Supreme Court Will Hear EPA Case This Term
January 13, 2015
What's on the Supreme Court's upcoming agenda? Writing in the Daily Signal, Heritage Foundation Legal Fellow Elizabeth Slattery offers a look at four cases she says people should be aware of in the coming months, one of which involves the Environmental Protection Agency: Utility Air Regulatory Group v. EPA.
What's the case about? Under the Clean Air Act, the EPA can regulate hazardous air pollutants from electric utilities if it decides such regulation is "appropriate and necessary." The question is, does the EPA have to consider the costs of regulation when deciding whether regulation would be appropriate?
In 2012, the EPA finalized a rule regulating mercury from electric utilities at a staggering cost of $9.6 billion annually. The benefits of regulating mercury? According to the EPA, up to $90 billion. But UARG argues that just $6 million of those benefits came from reducing mercury, the element targeted by the rule. The EPA added up the value of reducing particulate matter -- a byproduct of mercury regulation -- in order to justify the $9.6 billion price tag, despite that such particulate matter was already being regulated elsewhere.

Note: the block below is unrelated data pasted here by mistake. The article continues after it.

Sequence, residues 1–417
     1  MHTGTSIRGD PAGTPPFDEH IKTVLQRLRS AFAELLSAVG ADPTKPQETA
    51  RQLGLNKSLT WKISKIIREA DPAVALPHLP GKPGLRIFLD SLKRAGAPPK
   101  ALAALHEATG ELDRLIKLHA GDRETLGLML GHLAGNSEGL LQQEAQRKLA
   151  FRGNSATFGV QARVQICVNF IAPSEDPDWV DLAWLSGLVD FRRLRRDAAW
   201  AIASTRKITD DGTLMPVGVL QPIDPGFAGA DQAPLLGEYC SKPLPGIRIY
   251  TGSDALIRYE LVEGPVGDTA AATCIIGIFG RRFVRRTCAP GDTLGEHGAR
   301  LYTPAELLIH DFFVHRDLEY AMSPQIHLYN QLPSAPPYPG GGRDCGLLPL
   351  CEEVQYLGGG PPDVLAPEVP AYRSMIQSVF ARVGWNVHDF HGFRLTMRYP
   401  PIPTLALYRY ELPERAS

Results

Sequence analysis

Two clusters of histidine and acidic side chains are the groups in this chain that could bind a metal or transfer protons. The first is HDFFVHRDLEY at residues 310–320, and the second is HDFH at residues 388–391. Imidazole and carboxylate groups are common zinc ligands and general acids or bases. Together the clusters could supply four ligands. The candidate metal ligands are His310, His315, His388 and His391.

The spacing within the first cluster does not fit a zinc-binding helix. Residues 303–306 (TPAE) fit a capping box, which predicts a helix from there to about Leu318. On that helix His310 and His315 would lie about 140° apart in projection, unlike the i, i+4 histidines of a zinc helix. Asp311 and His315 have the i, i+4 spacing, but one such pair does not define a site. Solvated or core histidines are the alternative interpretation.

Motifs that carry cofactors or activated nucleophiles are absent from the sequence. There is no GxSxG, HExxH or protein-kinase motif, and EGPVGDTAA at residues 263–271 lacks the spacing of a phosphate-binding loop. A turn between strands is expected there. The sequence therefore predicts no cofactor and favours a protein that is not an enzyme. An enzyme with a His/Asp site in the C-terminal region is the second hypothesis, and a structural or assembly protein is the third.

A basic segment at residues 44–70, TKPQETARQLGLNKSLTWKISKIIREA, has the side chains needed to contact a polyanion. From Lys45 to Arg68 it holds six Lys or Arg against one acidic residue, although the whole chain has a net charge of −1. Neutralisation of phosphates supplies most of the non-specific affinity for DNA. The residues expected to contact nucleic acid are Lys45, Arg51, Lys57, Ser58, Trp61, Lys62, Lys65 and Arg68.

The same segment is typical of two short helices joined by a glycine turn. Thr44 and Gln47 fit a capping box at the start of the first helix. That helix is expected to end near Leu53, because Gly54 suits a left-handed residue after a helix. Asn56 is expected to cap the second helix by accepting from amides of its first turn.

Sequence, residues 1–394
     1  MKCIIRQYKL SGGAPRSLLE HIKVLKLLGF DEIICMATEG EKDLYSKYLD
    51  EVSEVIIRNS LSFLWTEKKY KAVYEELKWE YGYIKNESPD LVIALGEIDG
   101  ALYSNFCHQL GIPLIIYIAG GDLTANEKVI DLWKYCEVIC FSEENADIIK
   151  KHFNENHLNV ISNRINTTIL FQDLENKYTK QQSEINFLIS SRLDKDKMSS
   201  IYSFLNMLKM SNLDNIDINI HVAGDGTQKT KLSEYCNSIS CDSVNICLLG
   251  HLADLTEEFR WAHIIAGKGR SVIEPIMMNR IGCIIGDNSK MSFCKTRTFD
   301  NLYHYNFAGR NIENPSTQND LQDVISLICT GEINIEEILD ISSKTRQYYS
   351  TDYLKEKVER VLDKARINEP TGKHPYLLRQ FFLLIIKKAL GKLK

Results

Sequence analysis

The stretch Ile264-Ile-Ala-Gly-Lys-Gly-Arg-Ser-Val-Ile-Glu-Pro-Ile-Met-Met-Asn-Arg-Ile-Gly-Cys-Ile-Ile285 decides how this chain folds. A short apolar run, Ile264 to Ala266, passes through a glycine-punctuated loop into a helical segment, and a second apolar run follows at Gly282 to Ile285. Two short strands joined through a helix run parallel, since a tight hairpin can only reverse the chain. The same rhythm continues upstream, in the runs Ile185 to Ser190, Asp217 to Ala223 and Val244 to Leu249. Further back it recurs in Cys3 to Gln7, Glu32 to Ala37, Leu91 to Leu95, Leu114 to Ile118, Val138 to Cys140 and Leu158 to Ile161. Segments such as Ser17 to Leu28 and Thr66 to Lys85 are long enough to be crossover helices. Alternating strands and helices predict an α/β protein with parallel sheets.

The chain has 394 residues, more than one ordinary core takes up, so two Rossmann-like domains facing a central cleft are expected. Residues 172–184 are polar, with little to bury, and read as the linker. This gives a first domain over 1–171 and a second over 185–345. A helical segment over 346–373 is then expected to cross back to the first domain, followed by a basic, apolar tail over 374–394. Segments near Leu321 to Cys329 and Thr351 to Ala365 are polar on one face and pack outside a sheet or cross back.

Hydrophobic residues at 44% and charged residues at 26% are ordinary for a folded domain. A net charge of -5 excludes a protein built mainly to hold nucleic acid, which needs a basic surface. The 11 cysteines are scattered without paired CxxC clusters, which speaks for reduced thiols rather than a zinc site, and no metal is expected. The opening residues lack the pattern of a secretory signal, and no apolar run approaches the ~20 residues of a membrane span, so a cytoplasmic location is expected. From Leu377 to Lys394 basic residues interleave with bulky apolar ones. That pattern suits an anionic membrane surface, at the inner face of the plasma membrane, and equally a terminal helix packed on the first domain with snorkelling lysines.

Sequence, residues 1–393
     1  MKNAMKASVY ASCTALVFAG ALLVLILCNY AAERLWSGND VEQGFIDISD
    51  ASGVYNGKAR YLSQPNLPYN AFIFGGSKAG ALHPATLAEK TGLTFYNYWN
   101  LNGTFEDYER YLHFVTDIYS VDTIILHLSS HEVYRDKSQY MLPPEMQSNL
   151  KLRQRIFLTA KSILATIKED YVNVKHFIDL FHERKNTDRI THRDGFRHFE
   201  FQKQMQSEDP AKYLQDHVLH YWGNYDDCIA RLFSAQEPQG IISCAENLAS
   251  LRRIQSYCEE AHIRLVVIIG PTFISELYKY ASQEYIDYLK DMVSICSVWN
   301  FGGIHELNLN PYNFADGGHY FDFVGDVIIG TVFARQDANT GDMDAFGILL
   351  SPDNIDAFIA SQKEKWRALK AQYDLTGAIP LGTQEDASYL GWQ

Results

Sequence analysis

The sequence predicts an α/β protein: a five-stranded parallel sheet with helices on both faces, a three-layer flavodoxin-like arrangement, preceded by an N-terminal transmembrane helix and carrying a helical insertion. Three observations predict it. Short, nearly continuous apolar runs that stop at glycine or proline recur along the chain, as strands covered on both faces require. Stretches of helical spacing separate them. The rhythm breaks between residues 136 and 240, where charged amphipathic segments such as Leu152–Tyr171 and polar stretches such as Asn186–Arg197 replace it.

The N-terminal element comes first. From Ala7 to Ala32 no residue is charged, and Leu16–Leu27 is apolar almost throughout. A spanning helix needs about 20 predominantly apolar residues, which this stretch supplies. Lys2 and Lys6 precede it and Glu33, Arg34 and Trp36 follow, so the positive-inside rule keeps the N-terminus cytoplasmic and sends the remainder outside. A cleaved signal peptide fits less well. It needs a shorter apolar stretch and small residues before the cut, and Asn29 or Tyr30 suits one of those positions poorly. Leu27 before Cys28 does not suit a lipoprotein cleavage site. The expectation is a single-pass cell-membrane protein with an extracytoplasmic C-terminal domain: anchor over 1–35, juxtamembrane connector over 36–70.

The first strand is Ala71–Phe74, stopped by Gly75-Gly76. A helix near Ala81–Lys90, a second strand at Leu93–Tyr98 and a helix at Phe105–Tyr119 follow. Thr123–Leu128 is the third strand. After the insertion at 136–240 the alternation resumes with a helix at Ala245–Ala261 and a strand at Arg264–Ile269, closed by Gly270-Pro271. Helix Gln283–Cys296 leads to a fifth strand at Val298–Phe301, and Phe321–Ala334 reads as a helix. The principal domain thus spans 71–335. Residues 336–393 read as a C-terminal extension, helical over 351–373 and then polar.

UARG says that spending $1,500 in order to get $1 in benefits makes little sense, insisting the agency should have considered costs in deciding whether it was "appropriate" to regulate. The Court will look at that question this spring.
The EPA rule at issue is the Mercury and Air Toxics Standards rule (MATS, also called Utility MACT). Senior Research Fellow Ann Purvis wrote about the development of this rule in an NCPA report, explaining how the rule was a product of the "sue and settle" tactic, whereby environmental interest groups sue the EPA and enter into a settlement, with the EPA agreeing to issue a regulation.
Source: Elizabeth Slattery, "4 Key Upcoming Supreme Court Cases Involving Spider-Man, the Confederate Flag and Obamacare," Daily Signal, January 12, 2015.
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